Phil Buckle, Director General of Electrical Safety First added:

“While our research shows that having relatives and in-laws over are the most annoying part of the festive season for many people, we also know that keeping the family safe takes priority.

“Our research shows that people are not necessarily taking the precautions that they should to make sure their homes are safe. The advice we’re issuing is to use electricity wisely – check your Christmas lights are safe, replace the bulbs or the set if there is any damage and bealert to potential electrical dangers around the home. And, make sure you switch your lights off and unplug them before you go out or go to bed – even Christmas lights need a break.”

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Notes to editors

  • Electrical Safety First is the UK charity dedicated to reducing deaths and injuries caused by electrical accidents. We campaign to improve safety regulation and messages, and provide expert information and advice to the public and professionals to help ensure everyone in the UK can use electricity safely. Visit for more information
  • All consumer research, unless otherwise stated, was conducted from 2-4 December 2015 by Populus on behalf of Electrical Safety First with a sample of 2066 adults. The figures have been weighted and are representative of all UK adults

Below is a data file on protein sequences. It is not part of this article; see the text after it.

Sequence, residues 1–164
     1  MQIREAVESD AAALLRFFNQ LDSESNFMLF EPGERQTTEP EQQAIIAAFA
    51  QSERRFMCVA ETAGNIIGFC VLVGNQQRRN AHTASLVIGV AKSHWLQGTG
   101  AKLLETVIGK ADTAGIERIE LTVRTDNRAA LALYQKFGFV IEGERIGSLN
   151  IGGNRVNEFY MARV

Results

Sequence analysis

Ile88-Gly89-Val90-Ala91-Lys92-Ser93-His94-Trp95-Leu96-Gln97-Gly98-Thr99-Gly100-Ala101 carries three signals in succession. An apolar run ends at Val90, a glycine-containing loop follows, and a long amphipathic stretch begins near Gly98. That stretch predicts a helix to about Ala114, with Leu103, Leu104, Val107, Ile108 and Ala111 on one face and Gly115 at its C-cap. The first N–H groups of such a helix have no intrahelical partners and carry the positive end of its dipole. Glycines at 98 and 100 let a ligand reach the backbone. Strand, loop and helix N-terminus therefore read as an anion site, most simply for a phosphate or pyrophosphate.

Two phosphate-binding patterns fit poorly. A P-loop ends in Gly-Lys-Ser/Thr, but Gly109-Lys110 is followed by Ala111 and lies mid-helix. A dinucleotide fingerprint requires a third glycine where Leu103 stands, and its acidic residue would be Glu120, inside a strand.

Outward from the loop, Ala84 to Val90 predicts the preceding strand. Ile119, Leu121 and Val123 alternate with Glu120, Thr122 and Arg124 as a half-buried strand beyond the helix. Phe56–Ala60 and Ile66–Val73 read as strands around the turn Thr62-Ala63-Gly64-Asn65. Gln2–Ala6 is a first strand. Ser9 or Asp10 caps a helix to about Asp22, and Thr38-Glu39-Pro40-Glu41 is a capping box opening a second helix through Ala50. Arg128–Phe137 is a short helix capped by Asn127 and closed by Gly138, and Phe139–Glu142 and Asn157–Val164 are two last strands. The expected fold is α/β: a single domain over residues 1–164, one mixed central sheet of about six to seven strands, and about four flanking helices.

Electrical Safety First has created top tips for enjoying a safe and happy festive period:

  • Even Christmas lights need a break – switch off all lights when you aren’t there to enjoy them.
  • Before using, check if lights are damp, damaged or have loose wires – if so, don’t take the risk. Replace them.
  • Don’t remove or insert lamps when the chain is connected to the electricity supply.
  • Use LED Christmas lights instead of traditional lights - they’re more energy efficient and reduce the risk of electric shock - or get Christmas lights with an extra-low voltage transformer, which operate at a safer voltage (usually 12 – 24 volts).
  • Never use lights outdoors unless they are designed for external use.
  • Make sure all your outdoor lighting is specifically designed for outdoor use and connected through an RCD protected socket. (An RCD is a potentially life-saving device designed to prevent you from getting a fatal electric shock. It can also protect against some electric fires).
  • Don’t overload sockets and try to avoid the use of extension leads or adaptors – it’s easy to trip if you’re a bit too merry!
  • Don’t allow children to play with Christmas lights
  • Keep lights away from flammable decorations and other materials that can burn easily.
  • Make sure you know where your fuse box is so you can reach it quickly in an emergency


(i) Populus, December 2015, base 2066 adults

(ii) Populus, December 2015, base 2066 adults

(iii) Populus, December 2015, base 2066 adults

(iv) Populus, December 2015, base 2066 adults

(v) Populus, December 2015, base 2066 adults

(vi) Populus, December 2015, base 2066 adults

(vii) Populus, December 2015, base 2066 adults

(viii) Populus, December 2015, base 2066 adults

(ix) Populus, December 2015, base 2066 adults